Leslie Mahraun knew as a child she would either become a pastor or a rabbi—she just didn’t know which one it would be. Leslie’s mother was Jewish. Her father was baptized at age 46, along with Leslie and her brother. At her baptism at age 11, she said she deeply understood she had a call to God. “Because Jesus was a Jew, I was open to serving God whatever way it came.”
Ordained in 2012, Pastor Leslie Mahraun leads the congregation at Lutheran Church of the Holy Trinity, Kailua-Kona, Hawaii. She has never had any qualms about the validity of being a woman pastor-- or in being the first woman pastor at her church.
Her call to ministry has always been strong and has been affirmed as a rostered leader in the Evangelical Lutheran Church of America (ELCA). But it hasn’t been easy. She formerly pursued seminary in her 20s, but health concerns and a divorce made it impossible at the time. When her son turned 18, she felt the opportunity to pursue a seminary education opening up once again. She credits Dr. Karoline Lewis of Luther Seminary for standing by her as she cleared hurdles in her path through her seminary training.
Pastor Mahraun believes positive changes are happening for women leaders, but does not believe the playing field is level. She points to the following obstacles women church leaders face as examples: considerably lower wages for the same job as a male pastor: critique about appearance, including nail color, clothing and makeup; and the added pressure of women assuming more of the workload on the home front than their partners. On a personal level, she has also faced anti-Semitism.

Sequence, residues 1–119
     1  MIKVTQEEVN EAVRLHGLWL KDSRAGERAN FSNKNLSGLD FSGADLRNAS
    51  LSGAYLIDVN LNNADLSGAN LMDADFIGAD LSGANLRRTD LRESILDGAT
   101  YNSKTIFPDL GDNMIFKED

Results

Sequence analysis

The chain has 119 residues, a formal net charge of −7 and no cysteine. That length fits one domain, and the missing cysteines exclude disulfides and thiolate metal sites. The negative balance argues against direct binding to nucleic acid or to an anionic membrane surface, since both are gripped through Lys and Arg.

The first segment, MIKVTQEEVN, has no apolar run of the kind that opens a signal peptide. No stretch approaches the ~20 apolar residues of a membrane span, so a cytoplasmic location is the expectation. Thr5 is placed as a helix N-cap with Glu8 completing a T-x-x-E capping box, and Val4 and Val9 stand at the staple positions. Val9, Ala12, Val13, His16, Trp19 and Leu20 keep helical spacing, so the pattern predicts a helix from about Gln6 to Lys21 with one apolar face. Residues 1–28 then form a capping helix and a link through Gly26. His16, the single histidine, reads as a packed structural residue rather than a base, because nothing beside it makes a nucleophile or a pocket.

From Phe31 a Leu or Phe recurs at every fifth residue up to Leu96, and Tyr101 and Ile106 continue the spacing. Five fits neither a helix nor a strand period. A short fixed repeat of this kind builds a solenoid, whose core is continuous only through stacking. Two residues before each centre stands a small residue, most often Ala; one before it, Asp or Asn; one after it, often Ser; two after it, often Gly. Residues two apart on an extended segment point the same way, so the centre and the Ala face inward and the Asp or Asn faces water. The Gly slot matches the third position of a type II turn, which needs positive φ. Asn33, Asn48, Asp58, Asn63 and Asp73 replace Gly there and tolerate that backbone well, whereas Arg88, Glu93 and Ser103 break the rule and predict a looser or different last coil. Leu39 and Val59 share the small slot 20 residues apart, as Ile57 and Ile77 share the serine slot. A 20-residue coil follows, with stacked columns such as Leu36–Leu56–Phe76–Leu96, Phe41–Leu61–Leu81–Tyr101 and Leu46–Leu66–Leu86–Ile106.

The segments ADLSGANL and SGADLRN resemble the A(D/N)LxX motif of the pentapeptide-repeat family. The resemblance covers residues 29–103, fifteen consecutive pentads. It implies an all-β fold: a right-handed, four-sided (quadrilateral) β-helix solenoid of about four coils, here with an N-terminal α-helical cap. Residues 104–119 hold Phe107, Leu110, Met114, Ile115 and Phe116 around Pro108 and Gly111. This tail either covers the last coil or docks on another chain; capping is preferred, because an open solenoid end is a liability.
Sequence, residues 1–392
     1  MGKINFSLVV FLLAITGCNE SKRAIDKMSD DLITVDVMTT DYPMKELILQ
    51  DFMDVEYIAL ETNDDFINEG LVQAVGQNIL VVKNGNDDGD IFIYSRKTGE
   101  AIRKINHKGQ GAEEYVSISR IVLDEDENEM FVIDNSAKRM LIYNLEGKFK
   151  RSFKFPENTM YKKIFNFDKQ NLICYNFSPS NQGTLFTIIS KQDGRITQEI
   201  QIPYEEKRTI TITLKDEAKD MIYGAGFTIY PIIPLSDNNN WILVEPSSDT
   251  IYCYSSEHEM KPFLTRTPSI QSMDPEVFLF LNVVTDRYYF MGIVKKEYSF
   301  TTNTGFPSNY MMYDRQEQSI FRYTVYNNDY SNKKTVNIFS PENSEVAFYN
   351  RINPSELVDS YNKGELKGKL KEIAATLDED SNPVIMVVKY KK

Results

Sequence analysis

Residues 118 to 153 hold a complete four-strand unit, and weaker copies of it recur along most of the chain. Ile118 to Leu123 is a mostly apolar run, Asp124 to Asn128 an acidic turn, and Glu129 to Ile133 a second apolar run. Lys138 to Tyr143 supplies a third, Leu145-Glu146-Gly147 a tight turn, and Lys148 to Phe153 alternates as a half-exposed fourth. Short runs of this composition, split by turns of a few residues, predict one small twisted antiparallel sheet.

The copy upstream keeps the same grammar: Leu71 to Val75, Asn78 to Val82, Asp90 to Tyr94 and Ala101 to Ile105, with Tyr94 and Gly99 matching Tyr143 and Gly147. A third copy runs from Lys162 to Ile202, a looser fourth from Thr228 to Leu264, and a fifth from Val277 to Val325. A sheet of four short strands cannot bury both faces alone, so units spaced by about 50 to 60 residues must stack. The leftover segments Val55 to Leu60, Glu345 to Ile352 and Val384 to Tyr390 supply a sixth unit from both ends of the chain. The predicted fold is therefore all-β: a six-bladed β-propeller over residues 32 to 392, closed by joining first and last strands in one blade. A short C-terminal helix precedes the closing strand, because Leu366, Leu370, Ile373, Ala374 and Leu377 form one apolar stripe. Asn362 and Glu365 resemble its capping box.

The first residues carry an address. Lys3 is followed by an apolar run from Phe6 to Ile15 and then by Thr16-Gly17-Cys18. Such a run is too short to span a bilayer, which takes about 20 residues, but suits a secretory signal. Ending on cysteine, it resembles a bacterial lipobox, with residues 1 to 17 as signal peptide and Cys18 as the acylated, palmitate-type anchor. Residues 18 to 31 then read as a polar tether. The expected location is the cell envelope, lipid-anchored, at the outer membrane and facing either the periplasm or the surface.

Yet, Leslie believes the ministry of word and sacrament offers words of God’s grace that make all the difference in the world. Recently, Leslie reminded her dad of God’s promises through baptism while she sat with him before he passed away. She describes their time together as an "immense honor" to pray with her dad, to answer his questions, and to provide him a last absolution. "Those are moments of grace. You can't put those moments into words. They just are."
“We walk wet and follow one another’s trail into the arms of God. I’m not the typical Lutheran--I remember my baptism. The command that Jesus gave is how I live my life. It is what I do and who I am. I want that for all of us.”
Jesus said, "Go therefore and make disciples of all nations, baptizing them in the name of the Father and of the Son and of the Holy Spirit, and teaching them to obey everything that I have commanded you. And remember, I am with you always, to the end of the age"
(Matthew 28: 19-20).